Rivers of Gold – excerpts: part 8

(researching and writing Rivers of Gold I was dragged further and further back in time…eventually, all the way back to the very origins of the Thoroughbred.  Back to Charles II who was determined to improve the quality of his running horses.)

“…Thoroughbred sport, as we know it today, began with the ascension of Charles II.  The expression ‘sport of kings’ orignially was ‘the sport of the king.’  The king, of course, Charles II.  An enthusiastic patron of race meets at Newmarket, the British monarch could often be spotted surveying the gallops from his pavillion at the top of the hill, or touring the grounds on Old Rowley, his trusted riding horse.

Rivers of Gold

An accomplished horseman, CharlesII was reputed to be physically fit and brimming with energy.  By day he frequently rode his own horses in races-no mean feat as they were generally conducted over three grueling heats.  In the evenings his stamina would be further tested as he and his court were known to party until dawn…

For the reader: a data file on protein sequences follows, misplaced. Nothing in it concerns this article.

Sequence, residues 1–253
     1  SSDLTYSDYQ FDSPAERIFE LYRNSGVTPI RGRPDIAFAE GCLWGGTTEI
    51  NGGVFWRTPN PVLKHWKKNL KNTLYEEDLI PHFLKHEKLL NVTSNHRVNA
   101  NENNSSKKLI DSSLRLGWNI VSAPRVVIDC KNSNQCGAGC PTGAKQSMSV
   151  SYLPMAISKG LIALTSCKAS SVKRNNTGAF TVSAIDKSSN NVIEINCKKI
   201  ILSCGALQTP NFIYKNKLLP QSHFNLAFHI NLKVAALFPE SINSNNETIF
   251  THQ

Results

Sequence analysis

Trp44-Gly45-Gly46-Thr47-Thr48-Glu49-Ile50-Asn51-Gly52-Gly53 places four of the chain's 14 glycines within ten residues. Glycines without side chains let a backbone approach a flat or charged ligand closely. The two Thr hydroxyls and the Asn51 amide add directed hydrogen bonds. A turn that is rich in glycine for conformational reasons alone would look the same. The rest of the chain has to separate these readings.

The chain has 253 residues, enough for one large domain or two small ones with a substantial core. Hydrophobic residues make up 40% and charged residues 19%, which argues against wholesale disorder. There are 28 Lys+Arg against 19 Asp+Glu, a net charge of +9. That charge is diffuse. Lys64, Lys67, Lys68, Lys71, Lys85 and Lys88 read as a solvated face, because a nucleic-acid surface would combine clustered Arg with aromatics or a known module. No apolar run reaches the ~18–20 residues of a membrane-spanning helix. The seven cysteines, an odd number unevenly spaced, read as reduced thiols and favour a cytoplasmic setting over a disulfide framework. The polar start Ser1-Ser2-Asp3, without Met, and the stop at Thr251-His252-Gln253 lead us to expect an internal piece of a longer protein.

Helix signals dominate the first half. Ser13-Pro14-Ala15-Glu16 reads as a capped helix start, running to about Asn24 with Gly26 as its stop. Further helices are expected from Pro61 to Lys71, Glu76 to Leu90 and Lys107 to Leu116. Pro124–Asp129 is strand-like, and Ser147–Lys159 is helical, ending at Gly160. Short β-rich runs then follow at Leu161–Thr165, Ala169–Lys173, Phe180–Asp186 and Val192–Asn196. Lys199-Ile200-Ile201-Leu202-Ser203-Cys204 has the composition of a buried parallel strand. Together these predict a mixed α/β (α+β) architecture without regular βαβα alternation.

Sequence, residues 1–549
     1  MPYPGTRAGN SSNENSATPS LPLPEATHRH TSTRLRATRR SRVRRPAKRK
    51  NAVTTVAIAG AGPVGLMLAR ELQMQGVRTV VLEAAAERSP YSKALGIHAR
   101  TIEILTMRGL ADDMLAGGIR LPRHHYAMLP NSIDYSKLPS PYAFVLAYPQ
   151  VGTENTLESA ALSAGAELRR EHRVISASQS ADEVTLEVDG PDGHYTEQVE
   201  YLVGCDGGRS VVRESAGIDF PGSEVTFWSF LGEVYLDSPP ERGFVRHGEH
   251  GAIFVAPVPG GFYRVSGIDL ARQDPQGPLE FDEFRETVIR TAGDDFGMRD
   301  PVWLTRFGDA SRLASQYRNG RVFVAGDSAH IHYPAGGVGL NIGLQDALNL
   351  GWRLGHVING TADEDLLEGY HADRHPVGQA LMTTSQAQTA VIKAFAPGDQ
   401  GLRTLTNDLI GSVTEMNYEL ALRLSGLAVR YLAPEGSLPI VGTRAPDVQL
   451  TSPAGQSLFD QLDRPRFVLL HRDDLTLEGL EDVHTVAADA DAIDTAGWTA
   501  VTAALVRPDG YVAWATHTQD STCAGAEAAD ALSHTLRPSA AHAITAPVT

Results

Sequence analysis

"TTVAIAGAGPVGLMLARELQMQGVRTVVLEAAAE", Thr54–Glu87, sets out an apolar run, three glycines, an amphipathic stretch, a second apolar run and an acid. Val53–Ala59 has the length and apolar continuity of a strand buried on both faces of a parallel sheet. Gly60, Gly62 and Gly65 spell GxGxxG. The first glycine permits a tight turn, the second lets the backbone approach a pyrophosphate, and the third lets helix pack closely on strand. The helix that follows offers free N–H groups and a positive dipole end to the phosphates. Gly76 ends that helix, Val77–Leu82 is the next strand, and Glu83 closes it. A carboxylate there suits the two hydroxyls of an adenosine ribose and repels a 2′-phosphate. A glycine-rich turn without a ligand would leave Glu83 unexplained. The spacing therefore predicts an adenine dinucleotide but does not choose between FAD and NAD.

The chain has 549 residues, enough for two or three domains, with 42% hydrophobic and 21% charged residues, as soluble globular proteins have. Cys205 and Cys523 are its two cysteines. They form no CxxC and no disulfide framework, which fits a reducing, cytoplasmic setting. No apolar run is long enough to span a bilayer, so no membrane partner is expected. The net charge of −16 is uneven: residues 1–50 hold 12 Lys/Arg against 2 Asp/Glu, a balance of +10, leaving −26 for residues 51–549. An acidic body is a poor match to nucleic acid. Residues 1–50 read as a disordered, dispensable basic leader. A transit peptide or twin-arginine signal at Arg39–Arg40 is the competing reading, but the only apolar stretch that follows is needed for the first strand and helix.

“…Prior to the mid-17th Century the most popular native breed of running horse was the now extinct Scottish Galloway.  These sturdy, swift ponies were surefooted, spirited and seldom grew aller than 14 hands.  The Galloway pulled carriages, carried riders and were often found careening across racecourse throughout Southern and Yorkshire…

In order to produce a faster, more streamlined horse, the favoured breed introduced into the sturdy native strains was the Arabian…

Thus the Thoroughbred hybrid is quite extraordinary.  It combines desert horses, animals able to endure extreme heat, designed to carry its rider across endless desolate stretches of sand, with the Galloway, a horse able to endure the damp and cold weather of Scotland, plow through bogs and gallop over hill and dale…” to be continued

(next, “the hybrid horse and Federico Tesio’s “AHA” moment)

 

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